In this sense, rabbits as experimental models are an important tool for the study of atherosclerosis among the animals that have been used in clinical investigations. Among the animals studied, only rabbits show a tendency to develop hypercholesterolemia via accumulation of exogenous cholesterol after a few days receiving high-cholesterol diets, since their sterol excretion cannot be increased. However, careful extrapolations should be made in relation to the degree of hypercholesterolemia produced in laboratory animals, since they exceed the levels usually found in humans. Limitations and advances should be discussed so that they can contribute to and broaden the knowledge on the etiology, pathophysiology and treatment of atherosclerosis with the characterization of these findings.


The authors thank Fundação de Amparo à Pesquisa de Minas Gerais (FAPEMIG) for the financial support and research grant, and Rede Mineira de Toxicologia e Farmacologia - TOXIFAR, FAPEMIG.

Potential Conflict of Interest

No potential conflict of interest relevant to this article was reported.

Sources of Funding

This study was funded by FAPEMIG.

Study Association

This article is part of the thesis of master submitted by Waleska Cláudia Dornas, from Universidade Federal de Outo Preto.


  • 1. Sociedade Brasileira de Cardiologia. Sociedade Brasileira de Endocrinologia. II Consenso Brasileiro sobre dislipidemias. Detecção, avaliação e tratamento. Arq Bras Endocrinol Metab. 1999; 43: 287-305.
  • 2. Moghadasian MH. Experimental atherosclerosis: a historical overview. Life Sci. 2002; 70 (8): 855-65.
  • 3. Kritchevsky D. Dietary protein, cholesterol and atherosclerosis: a review of the early history. J Nutr. 1995; 125 (3): 587S-593S.
  • 4. Lichtman AH, Clinton SK, Iyama K, Connelly PW, Libby P, Cybulsky MI. Hyperlipidemia and atherosclerotic lesion development in LDL receptordeficient mice fed defined semipurified diets with and without cholate. Arterioscler Thromb Vasc Biol. 1999; 19 (8): 1938-44.
  • 5. Percegoni N, Oliveira TT, Nagem TJ, Lima LRP, Lima EQ, Matta SLP. Efeito de caseína, proteína isolada de soja e colestiramina em coelhos hiperlipidêmicos. Rev Cienc Farm. 2004; 25: 99-110.
  • 6. Oliveira TT, Nagem TJ, Pinto AS, Lopes RM, Camini NA, Leão MA, et al. Ação de chitosan e naringenina em coelhos hiperlipidêmicos. Rev Portuguesa de Farmácia. 2001; 1: 43-8.
  • 7. Lima LRP, Oliveira TT, Nagem TJ, Pinto AS, Stringheta PC, Tinoco ALA, et al. Bixina, norbixina e quercetina e seus efeitos no metabolismo lipídico de coelhos. Braz J Vet Res Anim Sci. 2001; 38 (4): 196-200.
  • 8. Lima LRP, Oliveira TT, Nagem TJ, Pinto AX, Tinoco ALA, Silva JF, et al. Ação terapêutica e inocuidade no metabolismo de quercetina, bixina e norbixina em coelhos hiperlipidêmicos. Tecnol Cien Agropec. 2008; 2 (1): 51-6.
  • 9. Lima LRP, Oliveira TT, Nagem TJ, Pinto AS, Oliveira MGA, Tinoco ALA, et al. Rutina e bixina do urucum e suas ações hipolipidêmicas em coelhos. Rev Bras Farm. 2000; 81 (3): 58-62.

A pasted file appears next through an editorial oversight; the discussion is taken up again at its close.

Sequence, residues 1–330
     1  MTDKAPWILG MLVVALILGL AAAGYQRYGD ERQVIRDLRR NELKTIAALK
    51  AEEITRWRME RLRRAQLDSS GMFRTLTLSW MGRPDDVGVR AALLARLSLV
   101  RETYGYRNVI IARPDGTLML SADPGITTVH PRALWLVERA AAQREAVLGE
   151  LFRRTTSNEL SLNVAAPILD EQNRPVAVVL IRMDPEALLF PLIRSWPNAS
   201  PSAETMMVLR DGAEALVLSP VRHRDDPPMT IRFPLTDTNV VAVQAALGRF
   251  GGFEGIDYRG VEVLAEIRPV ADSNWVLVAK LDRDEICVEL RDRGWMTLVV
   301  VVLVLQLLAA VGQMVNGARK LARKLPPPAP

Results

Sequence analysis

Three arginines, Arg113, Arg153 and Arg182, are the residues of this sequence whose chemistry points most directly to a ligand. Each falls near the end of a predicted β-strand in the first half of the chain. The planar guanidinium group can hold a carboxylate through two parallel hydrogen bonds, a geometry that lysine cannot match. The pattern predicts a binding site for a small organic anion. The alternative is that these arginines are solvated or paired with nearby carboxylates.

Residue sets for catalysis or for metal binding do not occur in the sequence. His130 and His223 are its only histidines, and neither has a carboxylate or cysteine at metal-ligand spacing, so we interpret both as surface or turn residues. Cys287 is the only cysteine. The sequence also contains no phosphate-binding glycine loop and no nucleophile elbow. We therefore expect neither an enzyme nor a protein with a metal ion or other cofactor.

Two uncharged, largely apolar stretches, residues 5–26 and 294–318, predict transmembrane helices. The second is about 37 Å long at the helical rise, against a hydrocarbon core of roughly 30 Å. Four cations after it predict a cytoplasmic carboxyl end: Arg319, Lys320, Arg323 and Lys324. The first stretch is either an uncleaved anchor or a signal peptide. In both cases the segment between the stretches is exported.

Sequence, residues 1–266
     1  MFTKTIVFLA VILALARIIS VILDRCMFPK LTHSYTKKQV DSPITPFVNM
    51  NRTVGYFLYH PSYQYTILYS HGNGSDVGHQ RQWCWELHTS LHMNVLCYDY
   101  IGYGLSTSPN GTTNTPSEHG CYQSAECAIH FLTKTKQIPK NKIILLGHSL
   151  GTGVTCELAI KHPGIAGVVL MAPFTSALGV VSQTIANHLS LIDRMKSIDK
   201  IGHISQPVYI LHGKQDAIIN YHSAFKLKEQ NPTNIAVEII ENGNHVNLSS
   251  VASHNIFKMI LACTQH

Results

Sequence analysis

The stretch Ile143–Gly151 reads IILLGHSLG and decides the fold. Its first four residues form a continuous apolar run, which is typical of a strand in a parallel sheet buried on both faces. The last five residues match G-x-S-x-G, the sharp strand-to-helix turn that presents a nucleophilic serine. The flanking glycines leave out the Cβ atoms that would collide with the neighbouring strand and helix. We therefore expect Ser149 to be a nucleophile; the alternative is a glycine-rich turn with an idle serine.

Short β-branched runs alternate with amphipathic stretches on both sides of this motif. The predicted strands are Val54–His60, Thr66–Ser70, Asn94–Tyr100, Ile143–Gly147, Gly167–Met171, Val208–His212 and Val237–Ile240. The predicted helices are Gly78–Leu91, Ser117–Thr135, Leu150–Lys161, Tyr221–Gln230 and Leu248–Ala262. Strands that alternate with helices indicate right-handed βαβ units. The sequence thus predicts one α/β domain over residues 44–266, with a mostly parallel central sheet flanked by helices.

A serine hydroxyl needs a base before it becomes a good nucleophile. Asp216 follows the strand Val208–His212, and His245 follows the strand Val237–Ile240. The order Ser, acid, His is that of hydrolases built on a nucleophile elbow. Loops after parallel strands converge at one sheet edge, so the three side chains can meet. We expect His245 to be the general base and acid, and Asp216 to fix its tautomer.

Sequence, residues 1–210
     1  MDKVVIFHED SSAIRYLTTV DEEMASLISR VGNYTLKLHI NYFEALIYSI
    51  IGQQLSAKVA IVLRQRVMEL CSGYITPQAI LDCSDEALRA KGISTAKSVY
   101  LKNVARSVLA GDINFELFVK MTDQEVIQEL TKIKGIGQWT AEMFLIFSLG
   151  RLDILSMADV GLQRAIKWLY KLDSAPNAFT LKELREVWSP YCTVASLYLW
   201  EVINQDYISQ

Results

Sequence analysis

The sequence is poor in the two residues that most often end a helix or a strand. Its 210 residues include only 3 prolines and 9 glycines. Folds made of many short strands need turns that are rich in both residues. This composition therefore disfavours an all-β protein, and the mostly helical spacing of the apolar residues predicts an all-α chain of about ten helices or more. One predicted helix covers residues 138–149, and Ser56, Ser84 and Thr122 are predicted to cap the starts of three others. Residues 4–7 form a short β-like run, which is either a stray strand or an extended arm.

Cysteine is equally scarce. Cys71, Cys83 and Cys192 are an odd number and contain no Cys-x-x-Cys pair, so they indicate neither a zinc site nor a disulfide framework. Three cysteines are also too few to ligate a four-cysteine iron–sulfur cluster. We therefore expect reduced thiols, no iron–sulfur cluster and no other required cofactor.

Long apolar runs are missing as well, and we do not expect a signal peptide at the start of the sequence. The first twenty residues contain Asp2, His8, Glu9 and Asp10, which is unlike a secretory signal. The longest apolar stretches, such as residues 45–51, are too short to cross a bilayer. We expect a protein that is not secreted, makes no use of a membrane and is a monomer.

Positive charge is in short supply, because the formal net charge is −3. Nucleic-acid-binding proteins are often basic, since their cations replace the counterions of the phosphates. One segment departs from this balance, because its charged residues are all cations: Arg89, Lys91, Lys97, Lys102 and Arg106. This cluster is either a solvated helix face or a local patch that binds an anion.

• 10. Lima LRP, Oliveira TT, Nagem TJ. Efeitos do flavonóide quercetina e dos corantes bixina e norbixina sobre parâmetros sanguíneos de coelhos. Rev Nutr. 2003; 16 (3): 305-14.
  • 11. Lima LRP, Oliveira TT, Nagem TJ, Pinto AS, Oliveira MGA, Tinoco ALA, et al. Controle de hiperlipidemia em coelhos tratados com flavonóides e corantes naturais do urucum. Rev Acta Farmacêutica Boanarense (Buenos Aires). 2001; 20 (1): 53-7.
  • 12. Virtuoso LS, Oliveira TT, Nagem TJ, Pinto AS, Tinoco ALA. Efeitos de rutina, colestiramina e betalaína no controle de lipídeos em soros de coelhos hiperlipidêmicos. Rev Bras Anal Clin. 2001; 33 (2): 85-9.
  • 13. Iturry-Yamamoto G, Alves AA, Picon PD. Propriedades anti-aterogênicas do fator relaxante derivado do endotélio (óxido nítrico). Arq Bras Cardiol. 1997; 69 (5): 349-57.
  • 14. Sun YP, Lu NC, Parmley WW, Hollenbeck CB. Effects of cholesterol diets on vascular function and atherogenesis in rabbits. Exp Biol Med. 2000; 224 (3): 166-71.
  • 15. Laight DW, Matz J, Caesar B, Carrier MJ, Anggard EE. Investigation of endogenous nitric oxide vascular function in the carotid artery of cholesterolfed rabbits. Br J Pharmacol. 1996; 117 (7): 1471-4.
  • 16. Kawashima S, Yokoyama M. Dysfunction of endothelial nitric oxide synthase and atherosclerosis. Arterioscler Thromb Vasc Biol. 2004; 24 (6): 998-1005.
  • 17. Jiménez A, Arriero MM, López-Blava A, González-Fernandez F, Garcia R, Fortes J, et al. Regulation of endothelial nitric oxide synthase expression in the vascular wall and in mononuclear cells from hypercholesterolemic rabbits. Circulation. 2001; 104 (15): 1822-30.
  • 18. Vasquez-Vivar J, Duquaine D, Whitsett J, Kalyanaraman B, Rajagopalan S. Altered tetrahydrobiopterin metabolism in atherosclerosis: implications for use of oxidized tetrahydrobiopterin analogues and thiol antioxidants. Arterioscler Thromb Vasc Biol. 2002; 22 (10): 1655-61.